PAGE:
"Agreement reached" in peace talks simulated by Israeli, Palestinian children. (Xinhua Photo)
JERUSALEM, March 5 (Xinhua) -- On a sunny afternoon in central Israel, tens of Israeli, Palestinian students filled a small library and engaged in a passionate debate in a simulation of peace talks between Israel and Palestine.
Arabic, English and Hebrew were heard across the room as the teens were on a deadline. They had 24 hours of simulation peace talks and at the end of them their task was to forge an agreement between Israelis and Palestinians.
Scores of diplomats and politicians worldwide have yet to find a solution to the conflict. The kids did.
As the clock was ticking, over 70 students of the Eastern Mediterranean International Boarding School (EMIS), Israelis, Palestinians and other nationals were divided into three groups. They reached three different agreements.
"There's no way a solution is going to be perfect," yelled one student at the other, as they discussed the most complex issues of the decades old conflict.
They dealt with economic cooperation, the language used in classroom textbooks, who will man checkpoints, the fate of Palestinian refugees and many other aspects of daily life in the region.
During their deliberations, the groups handled the most complex of issues and went into great detail.
"The whole idea is to show them that there is a democratic instrument to solve disputes by peaceful means and to show them that in places that leaders are stuck, ordinary people can bridge the gap and reach agreements," said Dr. Sapir Handelman.
Handelman is an expert in conflict resolution who facilitated the event hosted by the Charney Resolution Center.
He walked around the room, helping the teams with mediation when needed.
Although the daily reality for Palestinians and Israelis is separation and alienation, the students were trying to achieve a warm peace between the sides. The idea of the extension of an existing fence between the two enemies was shot down immediately by some students.
"Nobody likes a fence or a wall," one of the students said, adding "a fence is not creating peace, it's just dividing the people."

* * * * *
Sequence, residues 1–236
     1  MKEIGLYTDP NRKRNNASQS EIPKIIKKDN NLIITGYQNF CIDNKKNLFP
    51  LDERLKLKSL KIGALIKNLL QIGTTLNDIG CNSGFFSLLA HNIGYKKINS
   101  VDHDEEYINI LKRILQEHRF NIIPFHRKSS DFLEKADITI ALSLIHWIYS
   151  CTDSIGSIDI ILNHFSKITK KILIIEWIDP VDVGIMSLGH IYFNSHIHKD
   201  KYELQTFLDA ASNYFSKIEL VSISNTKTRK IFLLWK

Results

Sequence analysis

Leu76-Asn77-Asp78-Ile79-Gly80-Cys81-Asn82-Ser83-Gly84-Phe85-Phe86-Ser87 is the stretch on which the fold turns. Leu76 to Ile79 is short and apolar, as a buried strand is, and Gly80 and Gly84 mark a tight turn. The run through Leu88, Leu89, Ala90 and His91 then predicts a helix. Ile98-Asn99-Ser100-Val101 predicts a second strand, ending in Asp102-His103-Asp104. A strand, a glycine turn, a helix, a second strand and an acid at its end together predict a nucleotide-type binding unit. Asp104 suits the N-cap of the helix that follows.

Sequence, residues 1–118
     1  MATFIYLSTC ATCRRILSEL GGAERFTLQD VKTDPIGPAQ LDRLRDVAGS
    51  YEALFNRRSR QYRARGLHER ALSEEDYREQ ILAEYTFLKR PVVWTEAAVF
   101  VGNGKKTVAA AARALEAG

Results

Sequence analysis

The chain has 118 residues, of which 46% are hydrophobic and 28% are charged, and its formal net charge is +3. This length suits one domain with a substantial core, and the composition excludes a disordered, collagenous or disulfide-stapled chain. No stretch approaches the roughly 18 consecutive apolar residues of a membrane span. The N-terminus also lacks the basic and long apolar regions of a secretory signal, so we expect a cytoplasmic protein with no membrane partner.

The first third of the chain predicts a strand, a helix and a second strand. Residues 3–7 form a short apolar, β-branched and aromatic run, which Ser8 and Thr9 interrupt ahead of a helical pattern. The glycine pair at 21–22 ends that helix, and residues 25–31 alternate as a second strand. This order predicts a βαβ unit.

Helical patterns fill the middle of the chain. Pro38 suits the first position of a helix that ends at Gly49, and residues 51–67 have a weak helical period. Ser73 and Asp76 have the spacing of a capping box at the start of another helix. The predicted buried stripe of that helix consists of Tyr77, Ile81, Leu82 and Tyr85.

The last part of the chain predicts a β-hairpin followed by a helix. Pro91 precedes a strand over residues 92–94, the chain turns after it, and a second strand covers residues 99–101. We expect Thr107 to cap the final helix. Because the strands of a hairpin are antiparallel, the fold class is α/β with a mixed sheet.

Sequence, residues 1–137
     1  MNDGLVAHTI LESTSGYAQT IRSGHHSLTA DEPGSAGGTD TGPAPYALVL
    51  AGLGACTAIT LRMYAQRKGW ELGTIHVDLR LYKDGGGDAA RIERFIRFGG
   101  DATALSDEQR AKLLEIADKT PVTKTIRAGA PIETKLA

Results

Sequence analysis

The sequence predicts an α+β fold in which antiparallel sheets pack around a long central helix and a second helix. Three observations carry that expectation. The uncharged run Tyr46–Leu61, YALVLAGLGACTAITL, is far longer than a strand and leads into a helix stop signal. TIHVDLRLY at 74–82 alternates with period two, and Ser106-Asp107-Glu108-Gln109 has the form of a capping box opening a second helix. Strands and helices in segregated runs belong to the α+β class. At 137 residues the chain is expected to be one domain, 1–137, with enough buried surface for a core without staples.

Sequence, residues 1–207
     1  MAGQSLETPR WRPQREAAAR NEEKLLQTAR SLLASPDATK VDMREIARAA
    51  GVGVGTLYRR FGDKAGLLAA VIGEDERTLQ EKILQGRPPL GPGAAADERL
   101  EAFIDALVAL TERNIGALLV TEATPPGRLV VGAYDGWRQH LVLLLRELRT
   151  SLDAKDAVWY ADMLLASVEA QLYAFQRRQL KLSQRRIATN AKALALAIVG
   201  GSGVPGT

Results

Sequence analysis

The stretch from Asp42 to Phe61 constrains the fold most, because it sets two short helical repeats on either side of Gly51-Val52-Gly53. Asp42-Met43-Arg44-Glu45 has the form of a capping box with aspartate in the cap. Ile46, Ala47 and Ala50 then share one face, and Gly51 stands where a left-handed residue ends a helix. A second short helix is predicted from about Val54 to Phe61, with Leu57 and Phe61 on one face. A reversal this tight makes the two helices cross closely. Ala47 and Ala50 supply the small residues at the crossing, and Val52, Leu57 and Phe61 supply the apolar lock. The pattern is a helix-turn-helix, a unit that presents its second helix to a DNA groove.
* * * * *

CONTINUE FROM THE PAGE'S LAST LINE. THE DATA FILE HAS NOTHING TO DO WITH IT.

Two of the groups arrived at the two-state solution, the widely believed solution for the conflict. The third group of negotiators agreed on a joint Palestinian-Israeli federation, quite a stretch in today's age of hostility.
For Hagar Diller, a 17-year-old Israeli who attends EMIS, the simulation is not necessarily translatable into real life.
"There are a lot of things here that work as a simulation because of the agreements we have between us, because we need to eventually reach an agreement," she said, noting "but I do not know how good this will be in real life."
Tzili Charney is the wife of the late Leon Charney, an American businessman. She founded the Charney Center in his honor, to commemorate his attempts to facilitate peace between the two sides. For her, the simulation is actually a mirror of the reality.
"It's very realistic," she said when asked if the solutions reached here can work in the outside world.
"They come from homes that are discussing it all the time, they participate in it, it influences their life all the time," she added.
Ironically, the negotiations are held in the school's library, which is also it's bomb shelter. The fortified windows and special airways do not allow one to escape the reality of the conflict.
But, for the youth who participated in the event, it was a chance to learn things about each other they did not previously know.
"A lot of stuff I learned from Israelis that I didn't know before and there is also a huge amount of stuff that the Israelis learned from us Palestinians," said Dana Ghoul, a 16-year-old Palestinian student from East Jerusalem.
In preparation for the marathon negotiations, the teens received background lessons about the conflict and were taken on tours to relevant places.
Although they share the same piece of small land, the rivalling sides often feed off images of each other. The lack of daily interaction between the two leads to stereotypes and misinformation.
"These things really, really help me to even see the other side," Diller told Xinhua.
For the foreign students, the event provides a rare opportunity to see both sides negotiate. It exposes them to the sensitivities and the complexities of the so far unsolvable conflict.
In the pastoral setting of the school, amidst green agricultural land, it is difficult to grasp how close the conflict really is and how intricate any possible solution needs to be.
Someone with a different perspective may be able to shed different light on the issue.
Wang Xi, a Chinese student from Ningbo in Zhejiang Province, found the event fascinating.
"Personally, I'm not part of this conflict," he said excitedly, "but this simulation provides me a lot of opportunity to know people in the conflict, where on the other hand I can learn a lot of things."
And perhaps that is exactly what the conflict is missing, creative thinking that will bring solutions that have not been thought of before.
That may be unattainable. However, the simulation at EMIS provides the opportunity of contact between the sides which is a rarity in these days.
As long as the two parties are estranged from each other, the levels of animosity rise and the ability to sit down and discuss a possible solution decreases dramatically.
The lively discussion in the room leaves room for optimism. Even if the students do not become peace-makers, they finish having met the other side and realizing that dialogue, rather than violence, is possible.
"When people are involved in heated debate, it means they care for it and this is the hope," said Dr. Handelman with a smile on his hopeful face.
In a deadly conflict where hope is a word rarely used, that is a huge achievement.